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First things first: Analysing predecessor programmes to glean insights about Medicare’s primary care first programme
In 2021, the Centers for Medicare and Medicaid Services plans to launch Primary Care First (PCF), a fee-for-service population-based primary care payment model that will engage primary care practices to assume accountability for the cost and quality of care for aligned beneficiaries. In terms of programme design, PCF progresses from several proposed or implemented predecessor payment models. Organisations considering PCF participation should be aware of how PCF compares to its predecessors and the operational insights that can be drawn from important similarities and differences. This paper addresses these issues by reviewing PCF design, summarising the design and available data from PCF predecessors, and using comparisons to discuss potential implications for PCF performance, including those related to risk adjustment, care management across patient populations, acute care utilisation management, data analytics and accounting and revenue cycle management systems.
The full article is available to institutions that have subscribed to the journal.
Jonathan Staloff , MD, MSc, is a Family Medicine resident physician at the University of Washington. He also works as a Fellow at the University of Washington Value & Systems Science Lab, where his work focuses on primary care population health payment models. He completed medical school at Brown University. While there he also completed a Masters of Science in Population Medicine and focused his master’s research on physician engagement in Accountable Care Organisations. He has previously worked as a healthcare policy consultant at Avalere Health in Washington, DC, where he worked on healthcare payment and delivery reform.
Leah M. Marcotte , MD, is a primary care physician and Associate Medical Director for Population Health at UW Medicine. She is also a core member of the Value & Systems Science Lab. She completed medical school at the University of Pennsylvania and internal medicine residency at the University of Washington. Previously, she worked in the US Department of Health and Human Services in the Meaningful Use team in the Office of the National Coordinator for Health Information Technology.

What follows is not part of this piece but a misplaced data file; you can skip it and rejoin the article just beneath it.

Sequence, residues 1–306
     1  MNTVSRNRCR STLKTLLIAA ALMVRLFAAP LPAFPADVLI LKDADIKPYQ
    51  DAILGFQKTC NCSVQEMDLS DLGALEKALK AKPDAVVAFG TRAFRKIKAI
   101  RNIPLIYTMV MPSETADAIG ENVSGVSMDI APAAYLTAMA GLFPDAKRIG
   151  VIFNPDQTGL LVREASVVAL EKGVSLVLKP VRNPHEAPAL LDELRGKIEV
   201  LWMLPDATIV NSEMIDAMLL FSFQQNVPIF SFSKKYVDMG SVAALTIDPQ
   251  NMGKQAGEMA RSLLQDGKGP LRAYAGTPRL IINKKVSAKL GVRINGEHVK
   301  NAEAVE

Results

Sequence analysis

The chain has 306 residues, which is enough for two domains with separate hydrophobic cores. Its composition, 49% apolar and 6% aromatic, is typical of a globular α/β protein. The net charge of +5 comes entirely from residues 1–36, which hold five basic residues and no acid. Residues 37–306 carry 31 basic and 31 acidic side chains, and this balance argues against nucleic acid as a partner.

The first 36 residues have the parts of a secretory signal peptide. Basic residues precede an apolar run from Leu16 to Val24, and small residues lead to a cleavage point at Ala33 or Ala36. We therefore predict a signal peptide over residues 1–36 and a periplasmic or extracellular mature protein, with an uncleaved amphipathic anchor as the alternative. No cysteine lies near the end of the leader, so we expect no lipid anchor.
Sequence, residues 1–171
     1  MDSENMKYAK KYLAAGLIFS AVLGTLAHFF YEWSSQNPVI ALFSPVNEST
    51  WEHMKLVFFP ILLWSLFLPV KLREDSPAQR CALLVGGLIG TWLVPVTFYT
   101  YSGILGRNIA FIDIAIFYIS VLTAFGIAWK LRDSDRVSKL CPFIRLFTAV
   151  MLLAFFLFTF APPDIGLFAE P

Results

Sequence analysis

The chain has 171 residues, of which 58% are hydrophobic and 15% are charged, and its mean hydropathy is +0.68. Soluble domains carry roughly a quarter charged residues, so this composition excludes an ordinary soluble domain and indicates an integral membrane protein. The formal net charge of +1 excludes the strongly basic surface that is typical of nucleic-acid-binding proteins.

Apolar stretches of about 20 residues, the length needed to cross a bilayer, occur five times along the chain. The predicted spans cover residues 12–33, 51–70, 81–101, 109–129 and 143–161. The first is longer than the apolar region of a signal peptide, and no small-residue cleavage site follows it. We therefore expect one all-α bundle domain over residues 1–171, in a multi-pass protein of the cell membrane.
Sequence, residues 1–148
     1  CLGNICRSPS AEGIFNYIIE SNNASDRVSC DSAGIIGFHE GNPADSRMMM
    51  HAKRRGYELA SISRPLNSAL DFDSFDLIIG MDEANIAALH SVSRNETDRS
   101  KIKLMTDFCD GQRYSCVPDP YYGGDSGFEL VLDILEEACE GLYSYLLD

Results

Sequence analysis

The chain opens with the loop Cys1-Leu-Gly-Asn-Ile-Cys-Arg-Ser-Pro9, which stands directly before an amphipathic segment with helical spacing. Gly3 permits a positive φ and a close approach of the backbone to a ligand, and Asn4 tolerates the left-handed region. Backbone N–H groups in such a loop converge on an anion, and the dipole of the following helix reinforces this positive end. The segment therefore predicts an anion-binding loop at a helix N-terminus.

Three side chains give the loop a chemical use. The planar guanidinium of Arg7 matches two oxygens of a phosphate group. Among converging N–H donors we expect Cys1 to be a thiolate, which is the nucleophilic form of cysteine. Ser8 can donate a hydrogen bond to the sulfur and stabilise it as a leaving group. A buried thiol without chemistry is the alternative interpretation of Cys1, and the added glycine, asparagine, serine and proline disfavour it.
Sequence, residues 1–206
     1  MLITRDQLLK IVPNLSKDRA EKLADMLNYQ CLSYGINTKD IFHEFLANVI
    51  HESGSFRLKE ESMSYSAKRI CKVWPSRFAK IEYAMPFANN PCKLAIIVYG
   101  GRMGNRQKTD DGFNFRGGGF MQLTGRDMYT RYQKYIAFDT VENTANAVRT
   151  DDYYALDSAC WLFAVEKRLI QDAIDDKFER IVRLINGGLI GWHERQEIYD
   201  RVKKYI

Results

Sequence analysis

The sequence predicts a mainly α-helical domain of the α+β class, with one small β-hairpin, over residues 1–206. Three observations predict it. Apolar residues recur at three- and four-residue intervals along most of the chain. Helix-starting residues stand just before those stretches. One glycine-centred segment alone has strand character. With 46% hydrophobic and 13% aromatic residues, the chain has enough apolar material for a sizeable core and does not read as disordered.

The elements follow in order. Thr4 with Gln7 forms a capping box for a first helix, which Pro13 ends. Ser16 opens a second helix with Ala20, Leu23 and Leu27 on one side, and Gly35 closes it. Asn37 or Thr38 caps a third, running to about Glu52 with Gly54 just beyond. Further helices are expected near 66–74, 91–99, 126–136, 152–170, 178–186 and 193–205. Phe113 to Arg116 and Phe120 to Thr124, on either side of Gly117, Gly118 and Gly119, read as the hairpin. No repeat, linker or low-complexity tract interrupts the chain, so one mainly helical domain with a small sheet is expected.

Joshua M. Liao , MD, MSc, FACP, is a board-certified internal medicine physician and the Director of the Value and Systems Science Lab in the UW School of Medicine, where he is also an Associate Professor of Medicine. He is also the Medical Director of Payment Strategy at UW Medicine and Adjunct Associate Professor of Health Services in the UW School of Public Health. He completed medical school at Baylor College of Medicine and trained in internal medicine at Brigham & Women’s Hospital, where he was a Clinical Fellow in Medicine at Harvard Medical School. He is a Senior Fellow at the Leonard Davis Institute of Health Economics at the University of Pennsylvania, where he obtained his health policy and economics training. Dr. Liao is a national expert in healthcare payment and delivery policy, advising state programmes, serving as an advisor to the RVU Update Committee (a group that provides recommendations to Medicare about how to value physician work when setting payment rates), and serving as a commissioner on the US Department of Health and Human Services’ Physician-Focused Payment Model Technical Advisory Committee (a group that provides recommendations about payment model implementation to the Secretary of Health and Human Services).